• Kelvin Benjamin, WR, Panthers: In part this is the Watkins argument, but there are some differences. While the Bills will do all they can to feature Watkins right away, Benjamin has competition in the Carolina passing game (Greg Olsen has a nifty rapport with Cam Newton, and Jerricho Cotchery is an underrated pro coming off a strong year). And it's not like we expect Newton to be a kingmaker with his wide receivers; that hasn't happened in the past. Let your opponents reach for Benjamin as their WR3 or WR4. You can do better than that. 

If you want to gather young wideouts, I suggest you focus on the second-year guys (that's when the big jump most often occurs). You can have the first-year players. Even with the way the college and pro games are starting to intersect, the NFL passing game is still a heavy mental assignment for anyone. 

• Dwayne Bowe, WR, Chiefs: This feels a little bit like low-hanging fruit, but my Bowe ranking (No. 50 at receiver) is 11 slots below the expert consensus rank tracked on Fantasy Pros. Bowe's one-game suspension isn't the biggest issue here what we really have to worry about is how poorly he meshes with quarterback Alex Smith. Andy Reid is a brilliant offensive mind and yet he couldn't unlock Bowe last year (zero games over 70 yards, a piddly 103 targets). Let's not double down in 2014. 

• Montee Ball, RB, Broncos: Maybe he doesn't completely belong on this list, because he might slip to the second round of some drafts and I'd pause before action then. But I don't pay a first-round sticker on someone who's never done it before, and Ball still is mostly an unknown. Can he play on all three downs? Will he be proficient in blitz pickup? I don't want to ask questions about my first-round selection. Every early selection will have an enticing upside. I want floor, too.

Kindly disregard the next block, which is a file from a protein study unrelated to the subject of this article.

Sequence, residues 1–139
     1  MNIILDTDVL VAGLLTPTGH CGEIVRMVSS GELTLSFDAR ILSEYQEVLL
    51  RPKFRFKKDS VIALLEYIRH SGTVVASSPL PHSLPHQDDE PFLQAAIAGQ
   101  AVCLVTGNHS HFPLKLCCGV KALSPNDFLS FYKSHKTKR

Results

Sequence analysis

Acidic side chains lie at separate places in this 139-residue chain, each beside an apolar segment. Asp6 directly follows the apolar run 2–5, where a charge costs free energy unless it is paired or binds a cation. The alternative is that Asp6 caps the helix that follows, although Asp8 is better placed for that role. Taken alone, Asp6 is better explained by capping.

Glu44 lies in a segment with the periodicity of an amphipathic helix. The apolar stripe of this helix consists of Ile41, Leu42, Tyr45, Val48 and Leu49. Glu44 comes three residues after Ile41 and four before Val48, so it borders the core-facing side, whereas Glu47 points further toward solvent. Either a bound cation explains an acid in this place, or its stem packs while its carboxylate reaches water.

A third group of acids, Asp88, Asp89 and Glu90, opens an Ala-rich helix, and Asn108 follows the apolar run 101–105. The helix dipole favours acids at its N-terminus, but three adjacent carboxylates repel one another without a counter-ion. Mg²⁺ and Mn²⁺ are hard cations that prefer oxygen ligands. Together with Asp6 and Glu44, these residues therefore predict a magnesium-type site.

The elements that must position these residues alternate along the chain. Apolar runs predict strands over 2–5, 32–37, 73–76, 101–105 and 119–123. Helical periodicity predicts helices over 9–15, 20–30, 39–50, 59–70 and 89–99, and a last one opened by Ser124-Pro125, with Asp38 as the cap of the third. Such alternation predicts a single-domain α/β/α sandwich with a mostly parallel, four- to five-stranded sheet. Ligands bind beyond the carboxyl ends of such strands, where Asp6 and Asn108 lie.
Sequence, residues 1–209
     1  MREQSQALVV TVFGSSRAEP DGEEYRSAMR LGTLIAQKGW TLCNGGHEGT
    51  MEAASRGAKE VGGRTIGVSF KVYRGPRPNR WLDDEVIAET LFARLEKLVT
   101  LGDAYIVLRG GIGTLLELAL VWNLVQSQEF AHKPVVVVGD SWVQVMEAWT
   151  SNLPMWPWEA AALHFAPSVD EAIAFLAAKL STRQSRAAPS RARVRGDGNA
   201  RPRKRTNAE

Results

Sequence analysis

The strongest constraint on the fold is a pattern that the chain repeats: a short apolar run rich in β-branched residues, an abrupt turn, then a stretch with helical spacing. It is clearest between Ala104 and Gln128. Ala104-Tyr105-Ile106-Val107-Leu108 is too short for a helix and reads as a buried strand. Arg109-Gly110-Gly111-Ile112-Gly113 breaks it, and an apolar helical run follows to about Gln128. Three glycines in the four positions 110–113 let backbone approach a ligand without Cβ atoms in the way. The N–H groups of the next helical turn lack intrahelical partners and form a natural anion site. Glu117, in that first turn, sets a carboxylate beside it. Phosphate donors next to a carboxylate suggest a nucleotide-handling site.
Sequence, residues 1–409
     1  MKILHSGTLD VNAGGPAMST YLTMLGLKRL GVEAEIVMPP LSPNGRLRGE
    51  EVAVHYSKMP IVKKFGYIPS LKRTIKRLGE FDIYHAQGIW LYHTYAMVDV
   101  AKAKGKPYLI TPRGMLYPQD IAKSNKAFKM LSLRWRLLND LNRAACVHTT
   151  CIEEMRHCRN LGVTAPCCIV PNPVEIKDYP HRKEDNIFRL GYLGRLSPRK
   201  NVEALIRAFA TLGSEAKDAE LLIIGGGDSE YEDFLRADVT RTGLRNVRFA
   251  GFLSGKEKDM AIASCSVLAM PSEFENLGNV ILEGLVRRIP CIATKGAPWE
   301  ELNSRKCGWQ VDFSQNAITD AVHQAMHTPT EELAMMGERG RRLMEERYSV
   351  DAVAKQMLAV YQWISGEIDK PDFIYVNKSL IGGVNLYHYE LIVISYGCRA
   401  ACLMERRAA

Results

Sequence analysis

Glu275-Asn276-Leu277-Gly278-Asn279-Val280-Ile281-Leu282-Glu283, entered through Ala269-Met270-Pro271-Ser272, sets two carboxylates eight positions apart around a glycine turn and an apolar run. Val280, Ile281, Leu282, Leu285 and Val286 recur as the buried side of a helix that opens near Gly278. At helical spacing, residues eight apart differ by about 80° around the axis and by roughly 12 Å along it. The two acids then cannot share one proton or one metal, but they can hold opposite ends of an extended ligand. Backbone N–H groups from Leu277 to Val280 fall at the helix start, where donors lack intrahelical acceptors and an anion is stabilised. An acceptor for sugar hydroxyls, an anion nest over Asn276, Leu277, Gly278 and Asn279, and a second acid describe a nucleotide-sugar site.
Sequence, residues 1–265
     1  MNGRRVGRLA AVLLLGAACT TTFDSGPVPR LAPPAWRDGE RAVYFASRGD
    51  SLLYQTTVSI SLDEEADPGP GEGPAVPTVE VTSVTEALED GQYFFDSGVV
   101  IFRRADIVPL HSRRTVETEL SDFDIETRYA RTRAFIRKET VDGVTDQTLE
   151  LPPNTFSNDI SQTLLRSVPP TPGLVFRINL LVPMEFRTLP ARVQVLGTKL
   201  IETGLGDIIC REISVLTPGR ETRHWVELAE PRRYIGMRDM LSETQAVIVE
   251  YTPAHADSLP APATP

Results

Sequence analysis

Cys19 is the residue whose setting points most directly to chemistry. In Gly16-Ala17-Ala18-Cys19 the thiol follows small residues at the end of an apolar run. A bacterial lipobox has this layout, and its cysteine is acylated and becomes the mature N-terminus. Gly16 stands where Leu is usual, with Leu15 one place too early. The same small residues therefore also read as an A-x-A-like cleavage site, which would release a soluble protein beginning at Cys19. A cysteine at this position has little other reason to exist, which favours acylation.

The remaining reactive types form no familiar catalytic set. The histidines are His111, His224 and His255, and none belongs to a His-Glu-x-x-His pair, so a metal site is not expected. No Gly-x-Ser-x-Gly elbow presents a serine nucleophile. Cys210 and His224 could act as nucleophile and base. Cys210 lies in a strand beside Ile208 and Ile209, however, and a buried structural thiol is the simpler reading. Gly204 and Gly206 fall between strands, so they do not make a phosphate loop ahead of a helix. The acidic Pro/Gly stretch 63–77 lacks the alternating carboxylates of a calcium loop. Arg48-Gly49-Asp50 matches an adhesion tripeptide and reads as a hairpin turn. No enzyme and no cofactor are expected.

• Johnny Manziel and Josh Gordon, QB/WR, Browns: While I expect Manziel to be Cleveland's primary QB starter this year, I don't expect him to be a proficient passer right away. He's coming from a simple and reactive system at Texas A&M, and doesn't appear close to ready to handle what the NFL demands from a pocket passer. 

Manziel's running ability, and willingness to run, could take him a long way in fantasy, sure. But does he have the type of body that can handle four months of NFL kill shots? And will he have the wisdom to duck away when it's the right play? (Cut and save this take  I'll probably feel the same way when Manziel eventually gets the starting gig later this season). 

Some of you might land Gordon at a giveaway price, but I know in the markets I play in, he costs a premium pick  something in the Round 4-7 range. I'm not laying out that sort of ticket for a speculation, a maybe, a might be — even a dynamic playmaker like Gordon. The downside is too significant. (But to those of you who keep landing Gordon at a medium or late-round number, I salute you. Well played. Or maybe I should say well assembled  you invited the right people into your league.)

• Seahawks Defense: This is pretty obvious to most of you, so I'll tuck it at the end of the column. Offense has far more continuity in the NFL than defense does, and there's a reward to anyone who ignores D/ST on draft day  you get to play the streaming market. There's a history of last year's monster defense being a poor return in the previous year, and even if Seattle bucks this trend  and I'd love to see it, they're a blast to watch  you can still get solid value from this position strictly from a weekly yard-sale approach.